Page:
Personal income rose 0.2% in December, continuing a trend of steady growth in spending amid a robust labor market. Personal-consumption expenditures, or PCE, rose 0.3% last month. Expectations for both personal income and PCE were set at 0.3%.
- Personal income rose slightly less than expected for December 2019 at 0.2% vs. 0.3% forecast.
- Household spending, or PCE, rose 0.3% in line with market expectations.
- Consumer confidence remains relatively strong despite the 0.1% drop in spending from November to December.
Spending continued to see growth in December, albeit at a reduced pace from the month before which saw a 0.4% increase. December growth came despite reports of slow retail sales from major retailers throughout the holiday season. Households spent 0.3% more on goods in December compared to November, although spending on long-lasting goods saw reduced activity. Spending on services rose 0.3%.
Spending rose 4% in the 12 months through December, marking the slowest pace of growth since 2016 according to the Commerce Department. The pace of growth slowed in the latter half of 2019. Household spending grew 1.8% annually in Q4 of last year, marking a steep decline from the 3.2% growth seen in Q3 and 4.6% in Q2.
Consumer spending, which accounts for two thirds of the US economy, rose at a pace of 2.3% last year and supported other struggling areas of the economy like housing, manufacturing, and business investment. Consumer spending and labor have acted as a powerhouse in the past year or so, shielding the economy from some from some of the negative effects of the trade war and prolonging the ongoing period of expansion.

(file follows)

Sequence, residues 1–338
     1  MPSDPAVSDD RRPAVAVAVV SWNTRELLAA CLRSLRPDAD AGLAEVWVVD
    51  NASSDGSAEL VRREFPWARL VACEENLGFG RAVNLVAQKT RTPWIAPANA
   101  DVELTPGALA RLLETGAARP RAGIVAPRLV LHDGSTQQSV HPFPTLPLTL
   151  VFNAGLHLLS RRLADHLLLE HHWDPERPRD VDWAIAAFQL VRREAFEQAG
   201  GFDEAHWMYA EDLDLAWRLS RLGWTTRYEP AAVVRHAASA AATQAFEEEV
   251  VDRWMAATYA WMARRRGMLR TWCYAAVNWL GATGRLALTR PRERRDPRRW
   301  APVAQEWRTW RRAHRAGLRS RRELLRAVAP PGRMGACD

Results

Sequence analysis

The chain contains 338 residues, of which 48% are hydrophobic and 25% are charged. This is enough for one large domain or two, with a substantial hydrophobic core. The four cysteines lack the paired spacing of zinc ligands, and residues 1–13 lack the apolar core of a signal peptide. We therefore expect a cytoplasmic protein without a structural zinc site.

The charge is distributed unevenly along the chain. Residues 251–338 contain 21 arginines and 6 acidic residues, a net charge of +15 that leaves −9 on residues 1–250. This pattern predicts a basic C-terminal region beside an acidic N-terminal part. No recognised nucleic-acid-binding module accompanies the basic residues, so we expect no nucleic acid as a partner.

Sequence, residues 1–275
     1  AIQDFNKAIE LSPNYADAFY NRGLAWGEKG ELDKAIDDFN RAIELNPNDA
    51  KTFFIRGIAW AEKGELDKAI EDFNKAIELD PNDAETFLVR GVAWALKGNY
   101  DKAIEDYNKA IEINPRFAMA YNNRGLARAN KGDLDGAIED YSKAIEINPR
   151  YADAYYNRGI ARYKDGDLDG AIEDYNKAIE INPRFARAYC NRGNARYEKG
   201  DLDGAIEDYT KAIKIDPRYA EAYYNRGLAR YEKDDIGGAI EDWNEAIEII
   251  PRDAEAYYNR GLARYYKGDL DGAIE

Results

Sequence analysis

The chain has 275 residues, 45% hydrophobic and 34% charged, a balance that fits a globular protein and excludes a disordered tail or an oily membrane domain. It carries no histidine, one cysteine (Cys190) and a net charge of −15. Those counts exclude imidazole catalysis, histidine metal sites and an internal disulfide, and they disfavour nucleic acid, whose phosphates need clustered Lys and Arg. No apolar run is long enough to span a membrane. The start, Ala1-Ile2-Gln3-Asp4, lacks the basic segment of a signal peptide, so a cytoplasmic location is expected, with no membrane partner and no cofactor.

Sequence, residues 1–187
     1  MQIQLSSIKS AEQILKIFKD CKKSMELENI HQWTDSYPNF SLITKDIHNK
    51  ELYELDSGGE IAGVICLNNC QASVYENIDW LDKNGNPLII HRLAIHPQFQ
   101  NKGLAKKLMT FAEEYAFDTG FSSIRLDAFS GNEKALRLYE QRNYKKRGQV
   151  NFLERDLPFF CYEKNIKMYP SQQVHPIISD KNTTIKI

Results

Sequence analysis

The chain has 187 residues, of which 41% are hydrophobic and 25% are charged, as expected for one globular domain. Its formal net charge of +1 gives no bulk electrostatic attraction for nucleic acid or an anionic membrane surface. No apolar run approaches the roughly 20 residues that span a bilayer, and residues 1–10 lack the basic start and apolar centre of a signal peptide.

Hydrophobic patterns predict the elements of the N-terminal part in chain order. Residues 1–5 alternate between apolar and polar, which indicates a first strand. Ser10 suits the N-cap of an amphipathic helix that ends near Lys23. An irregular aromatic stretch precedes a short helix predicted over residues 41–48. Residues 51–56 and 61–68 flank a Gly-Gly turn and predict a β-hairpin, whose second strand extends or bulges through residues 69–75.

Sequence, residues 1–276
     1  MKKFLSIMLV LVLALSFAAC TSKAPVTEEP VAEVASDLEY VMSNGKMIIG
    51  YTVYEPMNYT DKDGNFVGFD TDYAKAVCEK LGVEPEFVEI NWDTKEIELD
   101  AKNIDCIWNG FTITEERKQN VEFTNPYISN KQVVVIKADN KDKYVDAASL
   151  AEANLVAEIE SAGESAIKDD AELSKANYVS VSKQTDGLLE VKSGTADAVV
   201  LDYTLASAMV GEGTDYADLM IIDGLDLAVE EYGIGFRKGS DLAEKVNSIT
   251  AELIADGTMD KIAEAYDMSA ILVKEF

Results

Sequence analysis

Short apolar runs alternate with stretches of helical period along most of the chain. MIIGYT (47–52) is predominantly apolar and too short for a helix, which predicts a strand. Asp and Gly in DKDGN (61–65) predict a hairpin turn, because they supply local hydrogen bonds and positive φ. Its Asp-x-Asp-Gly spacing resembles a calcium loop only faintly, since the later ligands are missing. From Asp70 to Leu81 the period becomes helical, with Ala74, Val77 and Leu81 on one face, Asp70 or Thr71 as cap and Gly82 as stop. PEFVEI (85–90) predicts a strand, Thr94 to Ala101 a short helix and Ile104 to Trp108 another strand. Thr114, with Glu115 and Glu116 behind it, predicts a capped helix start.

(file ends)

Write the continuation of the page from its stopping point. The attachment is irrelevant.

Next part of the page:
The US economic data released this morning is okay. The PCE price index rose 0.2% month-on-month, higher than the expected 0.1%. Personal spending rose 0.3%, unchanged from expectations. Employment costs rose 0.7%, also in line with expectations.
— J. Yang (@RealTrade2017) January 31, 2020
Consumer sentiment remains positive, with an index of consumer confidence rising in January from December according to the Conference Board research group. Market forecasts anticipate ongoing positive outlook in the near future.
Personal Income and Inflation
Wages grew at a seasonally adjusted rate of 0.3% in December, while goods and services costs moved slightly higher. The PCE price incex, which is used to measure inflation, rose 1.6% annually last month compared to 1.4% in November, undershooting the Fed’s target inflation range of 2.0% Core PCE, which excludes the volatile components of food and energy costs, rose 1.6% as well.
With tame inflation pressure, the Federal Reserve elected to maintain the current benchmark rate of interest at Wednesday’s FOMC meeting, as expected. Policymakers have indicated that interest rates will likely remain static, although market consensus currently shows expectations for further rate cuts in late 2020. President Donald Trump recently expressed the view that the central bank should cut interest rates from the 1.5% - 1.75% range down to zero in order to stimulate the economy.
Gold prices have ticked downward following the release of the data. Spot gold last traded at $1,583.20/oz, down -0.02% with a high of $1,584.77/oz and a low of $1,571.04/oz. The data was relatively in line with expectations and largely positive. ForexLive managing director Adam Button described income growth as “fairly stagnant”, but overall, the combination of the in-line inflation and household financial activity has made for an increased risk appetite in the financial markets.